Friday, 28 September 2012

Manx Litfest: Festival to be a "colourful celebration"

The director of a four-day literature festival under way in the Isle of Man has said it will be a celebration for the entire community.

The Manx Litfest will include a variety of talks, workshops, book launches and signings, held throughout the island.

Festival director and author, John Quirk said: "We have so much planned - it is going to be a colourful celebration of literature."

The four-day festival will run from Thursday to Sunday.

The inaugural festival will see authors and poets delivering lectures while providing a platform to promote local writers.

Chairman of the Isle of Man Arts Council, Laurence Skelly, said the festival would "promote a diverse cultural offering".

Mr Quirk came up with the the idea in 2010 after watching a talk by local crime writer Chris Ewan.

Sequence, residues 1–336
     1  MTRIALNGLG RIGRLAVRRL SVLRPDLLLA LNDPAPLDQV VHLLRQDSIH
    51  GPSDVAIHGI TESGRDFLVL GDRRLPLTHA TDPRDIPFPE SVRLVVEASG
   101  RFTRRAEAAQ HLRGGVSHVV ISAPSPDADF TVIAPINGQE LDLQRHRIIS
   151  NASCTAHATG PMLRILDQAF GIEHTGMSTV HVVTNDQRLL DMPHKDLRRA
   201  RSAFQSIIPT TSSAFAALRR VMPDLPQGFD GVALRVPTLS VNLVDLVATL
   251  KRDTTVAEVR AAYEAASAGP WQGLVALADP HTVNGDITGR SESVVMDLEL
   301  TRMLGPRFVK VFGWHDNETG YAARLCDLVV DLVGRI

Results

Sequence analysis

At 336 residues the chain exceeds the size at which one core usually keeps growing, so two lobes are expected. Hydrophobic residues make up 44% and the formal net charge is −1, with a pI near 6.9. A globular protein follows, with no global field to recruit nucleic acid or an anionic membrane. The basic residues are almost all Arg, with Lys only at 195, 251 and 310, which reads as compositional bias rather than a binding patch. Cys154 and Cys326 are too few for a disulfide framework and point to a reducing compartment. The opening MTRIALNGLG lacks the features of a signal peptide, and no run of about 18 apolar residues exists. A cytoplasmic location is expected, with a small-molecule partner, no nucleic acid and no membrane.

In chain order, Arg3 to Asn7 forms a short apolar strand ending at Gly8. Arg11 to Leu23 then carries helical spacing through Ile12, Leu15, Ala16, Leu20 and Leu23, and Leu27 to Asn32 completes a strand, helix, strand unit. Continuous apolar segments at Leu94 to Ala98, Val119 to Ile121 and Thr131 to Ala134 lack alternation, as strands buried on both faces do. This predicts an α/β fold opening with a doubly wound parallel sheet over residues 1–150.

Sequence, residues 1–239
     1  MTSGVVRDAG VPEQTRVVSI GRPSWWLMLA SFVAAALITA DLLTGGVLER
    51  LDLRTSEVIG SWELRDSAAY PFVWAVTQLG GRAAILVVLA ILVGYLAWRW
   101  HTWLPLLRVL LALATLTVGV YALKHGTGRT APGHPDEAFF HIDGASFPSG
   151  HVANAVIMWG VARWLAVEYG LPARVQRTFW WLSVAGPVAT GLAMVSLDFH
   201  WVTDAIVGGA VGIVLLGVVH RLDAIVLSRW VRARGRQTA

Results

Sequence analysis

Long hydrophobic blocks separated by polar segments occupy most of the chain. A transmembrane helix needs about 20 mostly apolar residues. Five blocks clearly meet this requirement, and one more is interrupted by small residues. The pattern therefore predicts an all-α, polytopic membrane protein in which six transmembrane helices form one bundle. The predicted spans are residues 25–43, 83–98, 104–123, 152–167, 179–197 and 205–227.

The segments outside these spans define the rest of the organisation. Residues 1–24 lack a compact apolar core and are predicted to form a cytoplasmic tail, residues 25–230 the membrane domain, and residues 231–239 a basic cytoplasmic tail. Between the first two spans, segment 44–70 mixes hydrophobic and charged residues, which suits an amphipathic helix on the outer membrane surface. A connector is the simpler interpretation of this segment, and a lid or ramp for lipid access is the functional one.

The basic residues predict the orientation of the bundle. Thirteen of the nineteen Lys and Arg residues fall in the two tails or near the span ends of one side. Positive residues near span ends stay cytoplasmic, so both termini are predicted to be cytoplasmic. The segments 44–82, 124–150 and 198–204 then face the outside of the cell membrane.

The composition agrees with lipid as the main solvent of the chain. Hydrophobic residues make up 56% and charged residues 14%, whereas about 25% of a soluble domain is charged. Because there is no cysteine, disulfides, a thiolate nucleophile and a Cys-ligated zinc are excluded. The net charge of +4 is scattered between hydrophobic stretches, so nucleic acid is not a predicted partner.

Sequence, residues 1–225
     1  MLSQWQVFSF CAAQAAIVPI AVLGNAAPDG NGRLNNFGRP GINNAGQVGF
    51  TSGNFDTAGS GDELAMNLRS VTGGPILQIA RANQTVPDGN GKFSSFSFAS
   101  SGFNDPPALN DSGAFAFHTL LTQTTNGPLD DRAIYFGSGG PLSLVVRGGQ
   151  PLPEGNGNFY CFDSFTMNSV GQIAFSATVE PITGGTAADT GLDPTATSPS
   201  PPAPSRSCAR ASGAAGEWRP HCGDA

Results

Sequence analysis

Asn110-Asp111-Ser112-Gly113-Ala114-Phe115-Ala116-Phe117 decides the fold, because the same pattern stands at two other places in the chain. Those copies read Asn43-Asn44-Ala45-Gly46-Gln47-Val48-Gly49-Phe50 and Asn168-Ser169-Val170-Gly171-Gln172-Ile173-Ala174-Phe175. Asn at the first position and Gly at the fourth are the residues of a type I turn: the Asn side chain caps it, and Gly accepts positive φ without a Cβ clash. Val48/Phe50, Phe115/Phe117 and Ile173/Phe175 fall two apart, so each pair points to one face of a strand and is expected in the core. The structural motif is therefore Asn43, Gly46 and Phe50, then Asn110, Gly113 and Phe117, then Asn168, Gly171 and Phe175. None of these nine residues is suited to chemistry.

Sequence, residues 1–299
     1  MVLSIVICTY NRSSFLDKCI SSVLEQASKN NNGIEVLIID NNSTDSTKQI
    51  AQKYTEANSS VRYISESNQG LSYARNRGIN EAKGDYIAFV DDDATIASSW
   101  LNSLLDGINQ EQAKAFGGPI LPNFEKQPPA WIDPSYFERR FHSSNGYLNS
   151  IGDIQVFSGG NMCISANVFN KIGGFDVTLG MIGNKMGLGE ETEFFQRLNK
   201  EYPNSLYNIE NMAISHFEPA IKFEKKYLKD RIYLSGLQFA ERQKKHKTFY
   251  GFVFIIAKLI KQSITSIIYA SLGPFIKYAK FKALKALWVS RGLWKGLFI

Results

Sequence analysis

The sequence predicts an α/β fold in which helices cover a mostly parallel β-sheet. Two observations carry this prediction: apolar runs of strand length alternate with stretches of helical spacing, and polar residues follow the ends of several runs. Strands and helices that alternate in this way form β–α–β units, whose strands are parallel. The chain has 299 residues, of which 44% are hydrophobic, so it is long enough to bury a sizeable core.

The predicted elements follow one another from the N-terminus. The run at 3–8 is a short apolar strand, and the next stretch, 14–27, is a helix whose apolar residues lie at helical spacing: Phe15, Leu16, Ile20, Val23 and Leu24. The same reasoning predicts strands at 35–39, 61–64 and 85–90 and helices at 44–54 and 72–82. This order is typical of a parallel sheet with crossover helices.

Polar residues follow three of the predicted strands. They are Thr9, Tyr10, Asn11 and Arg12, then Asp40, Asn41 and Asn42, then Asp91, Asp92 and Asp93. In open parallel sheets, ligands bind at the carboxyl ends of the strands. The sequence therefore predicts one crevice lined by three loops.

"I put the idea out there on my blog and through social media and their was a unanimously positive response," he said. "The adventure had started."

The festival has been specifically designed to be staged around the island and include as many people as possible, by a team of volunteers, who all give their time for the love of books and great writing.

Mr Quirk added: "We set out to create a colourful celebration of literature and pay tribute to the endless worlds that books open our imaginations to."

"We wanted to give literature in the Isle of Man the recognition it deserves."

"There is a vast array of events for other art forms, but it was our belief that literature had lived in the shadows here for to long."

Around 20 authors and poets from all over the British Isles will take part.

Among those visiting the island will be the ex-BBC war correspondent Martin Bell, Tolkien scholar Colin Duriez and literary agent Peter Cox , who will debate the effect of e-books on publishing.

It will also see nature writer Sarah Crowe visit the island as she begins a year-long journey in a camper van, to find the "wild" places of the British Isles.

The event has been funded through a £5,000 from the Manx Lottery Trust, as well as support by the Manx Heritage Foundation and the Isle of Man Arts Council.

Source: BBC

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